Aggression, Guns, and Marcuse

Better not knock on the wrong door or drive into the wrong driveway, you may get shot. Kids are afraid to go to school for fear of getting killed, as the body count from mass shootings climbs every day. Hate crimes are increasing, and just driving to work is potentially dangerous. Think of tailgaters honking their horns and flipping you the bird as they speed past. Politicians address these issues by calling for gun safety legislation, increasing the number of police, and so on. But these policy responses accept the existence of aggressive behavior as a given and only treat the symptoms. The jugular question focuses on why people are becoming increasingly more violent and aggressive in the first place. We think Herbert Marcuse’s analysis of the relationship between late capitalism and the human psyche provides a good tool to answer this question.

Marcuse claims that the United States is a sick society, sick because its basic institutions and structures “do not permit the use of available material and intellectual resources for the optimal development and satisfaction of individual needs.” In other words, Marcuse saw that late capitalism possessed the material potential for people to enjoy much more freedom from want and work than they realized, but capitalism would never permit the fulfillment of this freedom because it would threaten the privilege and power of its ruling class. He calls this disparity between the potential for free human development and the constrained conditions of society “surplus repression.” In late capitalist society surplus repression is so strong and prevalent that social stability necessitates the opening of the human psyche for manipulation and control, thus creating human automatons, one-dimensional beings incapable of critical thought. This invasion of the mind, he argues, is not a conspiracy. It’s rooted in the very structure of power in an advanced consumer capitalist society.

The objective of late capitalism to negate consciousness of the rupture between the individual and the societal imposed mode of existence has implications for the human psyche. Marcuse assumes the validity of Freud’s concepts of Eros – the life instinct – and Thanatos – the death instinct – to explain how the structures of late capitalism breed aggressive behaviors. In arresting the development of human potential, late capitalism stifles Eros and fortifies Thanatos, he claims. This dynamic, he argues, creates destructive energy that is socially useful not only to maintain but to reproduce the dominant system of economic, political, and technological power. In short, the ascendancy of Thanatos creates the aggressive psyches necessary for the stability of late capitalism. The abundance of goods and services available provides almost unlimited opportunities for consumers to buy goods that reproduce the system of domination and create an endless supply of aggressive human beings. In other words, in a supposed exercise of freedom., individuals embrace a consumerism that ultimately increases their subordination to the structures of late capitalism.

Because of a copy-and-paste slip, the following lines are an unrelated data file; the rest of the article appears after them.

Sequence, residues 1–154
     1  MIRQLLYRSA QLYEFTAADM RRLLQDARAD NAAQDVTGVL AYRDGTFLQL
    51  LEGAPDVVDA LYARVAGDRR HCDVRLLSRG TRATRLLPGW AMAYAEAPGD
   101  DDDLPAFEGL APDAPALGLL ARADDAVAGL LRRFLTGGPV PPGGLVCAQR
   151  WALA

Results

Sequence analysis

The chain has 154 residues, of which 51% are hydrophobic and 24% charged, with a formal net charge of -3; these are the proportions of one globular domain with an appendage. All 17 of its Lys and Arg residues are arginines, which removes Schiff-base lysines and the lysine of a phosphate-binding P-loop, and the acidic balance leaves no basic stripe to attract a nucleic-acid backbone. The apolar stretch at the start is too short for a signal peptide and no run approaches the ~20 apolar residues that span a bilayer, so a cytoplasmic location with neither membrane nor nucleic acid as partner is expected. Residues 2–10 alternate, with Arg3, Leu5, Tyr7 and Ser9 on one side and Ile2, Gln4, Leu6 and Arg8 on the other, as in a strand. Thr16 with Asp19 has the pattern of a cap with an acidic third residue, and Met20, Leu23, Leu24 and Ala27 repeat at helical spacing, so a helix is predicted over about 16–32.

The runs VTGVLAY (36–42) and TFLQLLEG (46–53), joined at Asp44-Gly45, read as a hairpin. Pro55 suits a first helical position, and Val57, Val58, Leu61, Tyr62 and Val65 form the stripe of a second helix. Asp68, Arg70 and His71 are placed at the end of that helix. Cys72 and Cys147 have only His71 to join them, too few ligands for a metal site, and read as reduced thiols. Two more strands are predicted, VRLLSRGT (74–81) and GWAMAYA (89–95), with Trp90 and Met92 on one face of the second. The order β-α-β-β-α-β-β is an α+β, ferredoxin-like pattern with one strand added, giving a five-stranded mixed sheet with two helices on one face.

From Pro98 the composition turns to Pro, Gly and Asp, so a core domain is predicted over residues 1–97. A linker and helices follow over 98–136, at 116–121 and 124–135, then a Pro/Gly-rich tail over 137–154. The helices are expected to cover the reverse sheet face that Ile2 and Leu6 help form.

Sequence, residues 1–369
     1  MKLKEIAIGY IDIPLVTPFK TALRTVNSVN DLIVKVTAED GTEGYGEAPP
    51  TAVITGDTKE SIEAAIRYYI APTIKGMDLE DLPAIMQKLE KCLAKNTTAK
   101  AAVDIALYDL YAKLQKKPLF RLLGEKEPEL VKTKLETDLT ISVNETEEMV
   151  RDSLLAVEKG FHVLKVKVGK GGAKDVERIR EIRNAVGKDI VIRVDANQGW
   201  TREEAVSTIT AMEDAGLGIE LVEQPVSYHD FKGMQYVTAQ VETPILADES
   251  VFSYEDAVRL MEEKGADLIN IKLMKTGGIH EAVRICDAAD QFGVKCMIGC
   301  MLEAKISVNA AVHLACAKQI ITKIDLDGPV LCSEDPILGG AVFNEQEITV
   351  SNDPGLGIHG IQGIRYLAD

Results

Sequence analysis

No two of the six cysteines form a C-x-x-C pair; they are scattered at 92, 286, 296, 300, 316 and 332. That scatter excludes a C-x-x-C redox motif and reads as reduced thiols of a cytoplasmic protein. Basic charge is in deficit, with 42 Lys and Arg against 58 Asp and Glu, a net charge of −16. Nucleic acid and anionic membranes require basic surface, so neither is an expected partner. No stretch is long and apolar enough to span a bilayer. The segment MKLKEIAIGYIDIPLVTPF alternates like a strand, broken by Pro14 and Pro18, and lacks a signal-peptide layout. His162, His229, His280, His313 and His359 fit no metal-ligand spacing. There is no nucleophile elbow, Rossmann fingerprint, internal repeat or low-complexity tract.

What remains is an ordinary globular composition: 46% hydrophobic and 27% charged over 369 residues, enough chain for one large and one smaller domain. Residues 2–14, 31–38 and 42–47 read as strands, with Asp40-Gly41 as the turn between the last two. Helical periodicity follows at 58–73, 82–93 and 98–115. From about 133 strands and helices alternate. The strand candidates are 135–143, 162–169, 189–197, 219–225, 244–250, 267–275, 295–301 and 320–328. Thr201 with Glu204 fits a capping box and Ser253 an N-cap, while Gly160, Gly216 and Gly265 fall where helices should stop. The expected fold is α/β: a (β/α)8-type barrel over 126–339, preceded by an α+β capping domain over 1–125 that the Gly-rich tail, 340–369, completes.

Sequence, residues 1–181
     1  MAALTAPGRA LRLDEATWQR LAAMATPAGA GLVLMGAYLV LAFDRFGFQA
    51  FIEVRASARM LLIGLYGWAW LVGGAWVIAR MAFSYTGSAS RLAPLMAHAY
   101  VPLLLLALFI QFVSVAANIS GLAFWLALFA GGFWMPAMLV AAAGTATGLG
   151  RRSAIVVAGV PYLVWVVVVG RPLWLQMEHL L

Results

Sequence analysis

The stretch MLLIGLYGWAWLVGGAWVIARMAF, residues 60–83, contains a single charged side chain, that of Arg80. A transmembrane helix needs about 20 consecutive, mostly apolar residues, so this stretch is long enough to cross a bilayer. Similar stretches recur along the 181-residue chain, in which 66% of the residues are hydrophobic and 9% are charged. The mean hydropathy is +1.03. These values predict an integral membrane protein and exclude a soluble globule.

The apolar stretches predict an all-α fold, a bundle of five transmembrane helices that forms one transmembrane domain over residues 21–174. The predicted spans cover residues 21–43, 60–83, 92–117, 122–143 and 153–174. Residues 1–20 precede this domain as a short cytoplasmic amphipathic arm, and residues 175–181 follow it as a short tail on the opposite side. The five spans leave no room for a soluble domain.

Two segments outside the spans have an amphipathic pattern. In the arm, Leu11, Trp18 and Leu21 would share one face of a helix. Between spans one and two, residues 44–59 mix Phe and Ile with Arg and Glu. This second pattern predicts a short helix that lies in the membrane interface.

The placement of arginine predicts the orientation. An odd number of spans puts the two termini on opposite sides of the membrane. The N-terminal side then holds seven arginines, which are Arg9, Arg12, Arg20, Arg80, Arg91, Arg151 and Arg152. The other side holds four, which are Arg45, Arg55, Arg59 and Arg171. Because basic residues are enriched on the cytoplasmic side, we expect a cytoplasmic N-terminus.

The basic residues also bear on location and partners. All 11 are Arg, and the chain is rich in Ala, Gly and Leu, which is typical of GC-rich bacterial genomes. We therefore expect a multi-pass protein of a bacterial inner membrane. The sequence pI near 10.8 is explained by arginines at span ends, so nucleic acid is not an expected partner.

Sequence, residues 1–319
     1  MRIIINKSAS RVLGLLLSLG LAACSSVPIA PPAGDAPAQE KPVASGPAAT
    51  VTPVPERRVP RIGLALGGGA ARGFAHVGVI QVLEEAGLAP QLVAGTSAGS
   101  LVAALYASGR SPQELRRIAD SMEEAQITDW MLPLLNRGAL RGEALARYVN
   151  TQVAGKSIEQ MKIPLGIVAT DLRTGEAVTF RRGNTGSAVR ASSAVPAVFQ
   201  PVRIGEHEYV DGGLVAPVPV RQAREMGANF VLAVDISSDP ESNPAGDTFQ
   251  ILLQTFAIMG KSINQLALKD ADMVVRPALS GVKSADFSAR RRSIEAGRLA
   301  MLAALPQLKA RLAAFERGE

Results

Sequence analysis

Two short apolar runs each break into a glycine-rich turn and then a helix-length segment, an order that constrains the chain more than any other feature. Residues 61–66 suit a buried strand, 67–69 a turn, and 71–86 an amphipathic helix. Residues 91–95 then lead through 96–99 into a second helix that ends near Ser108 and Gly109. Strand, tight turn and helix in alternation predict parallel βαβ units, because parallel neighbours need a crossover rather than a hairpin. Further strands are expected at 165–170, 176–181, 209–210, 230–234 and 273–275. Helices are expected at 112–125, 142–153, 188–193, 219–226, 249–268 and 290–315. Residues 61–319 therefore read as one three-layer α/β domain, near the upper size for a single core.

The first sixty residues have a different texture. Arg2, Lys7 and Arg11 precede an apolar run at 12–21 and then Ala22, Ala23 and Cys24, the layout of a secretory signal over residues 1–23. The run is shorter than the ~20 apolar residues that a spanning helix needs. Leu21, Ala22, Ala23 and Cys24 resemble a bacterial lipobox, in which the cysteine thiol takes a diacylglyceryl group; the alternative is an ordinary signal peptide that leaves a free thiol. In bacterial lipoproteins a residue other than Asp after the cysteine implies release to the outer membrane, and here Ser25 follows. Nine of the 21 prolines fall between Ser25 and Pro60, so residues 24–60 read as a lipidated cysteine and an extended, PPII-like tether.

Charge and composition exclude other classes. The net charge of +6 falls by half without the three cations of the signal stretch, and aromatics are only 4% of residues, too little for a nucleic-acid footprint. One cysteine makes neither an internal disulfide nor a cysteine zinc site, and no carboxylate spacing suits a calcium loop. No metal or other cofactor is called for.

Ignoring the fact that the exercise of liberty is a social act (my freedom to throw a punch stops at the end of your nose), individuals frequently equate freedom as the absence of restraints. Every day the media report on clashes, sometimes violent, between self-styled “freedom fighters” and those whose views they oppose: masks, abortion rights, election results, guns, you name it. Rational societies resolve these conflicts through an appeal to a larger communal interest. But fueled by a right-wing media and demagogic politicians unconstrained by facts, these psychically compromised individuals reject the notion of the common good as just another attack on their liberty.

As surplus repression increases, so does human aggression, and even uglier manifestations of liberty become acceptable to many, what Orlando Patterson describes as “the power to restrict the freedom of others.” Put more bluntly, this notion of liberty calls for the use of power over others. So, when members of the far-right call for freedom of religion, for example, they’re calling for suppression of those who don’t share their religion. The Second Amendment morphs not only into the right to own AR-15s and other weapons of mass slaughter, but to use them at will, and the First Amendment functions to justify their attacks on civil liberties.

A political theory is only as good as its ability to help us understand the society we live in. Marcuse’s analysis marries the conceptual framework of Marxism with the categories of Freud. Marcuse recognizes that Eros and Thanatos aren’t empirically verifiable categories, but as assumptions they function as guides to understanding the human condition in contemporary America. But as Marx wrote, understanding a problem is not enough. The real issue is changing the conditions that created the problems in the first place. But how do you change the existing system of late capitalism when the automatons are unaware of their slavery and are free to express their liberty by firing AR-15s into a crowd?

Sidney Plotkin is a Professor of Political Science, Margaret Stiles Halleck Chair of Social Science, at Vassar College. He is the author of many articles and several books, including Veblen's America: The Conspicuous Case of Donald J. Trump (Anthem Press, 2018). William E. Scheuerman is a Professor Emeritus of Political Science at SUNY Oswego. He is the retired President of the National Labor College and past President of United University Professions, the nation's largest higher ed union. A long-time labor activist, Scheuerman has written several books and numerous articles in both scholarly and popular journals. His most recent book is A New American Labor Movement: The Decline of Collective Bargaining and the Rise of Direct Action (SUNY Press, 2021). Read other articles by Bill Scheuerman and Sid Plotkin.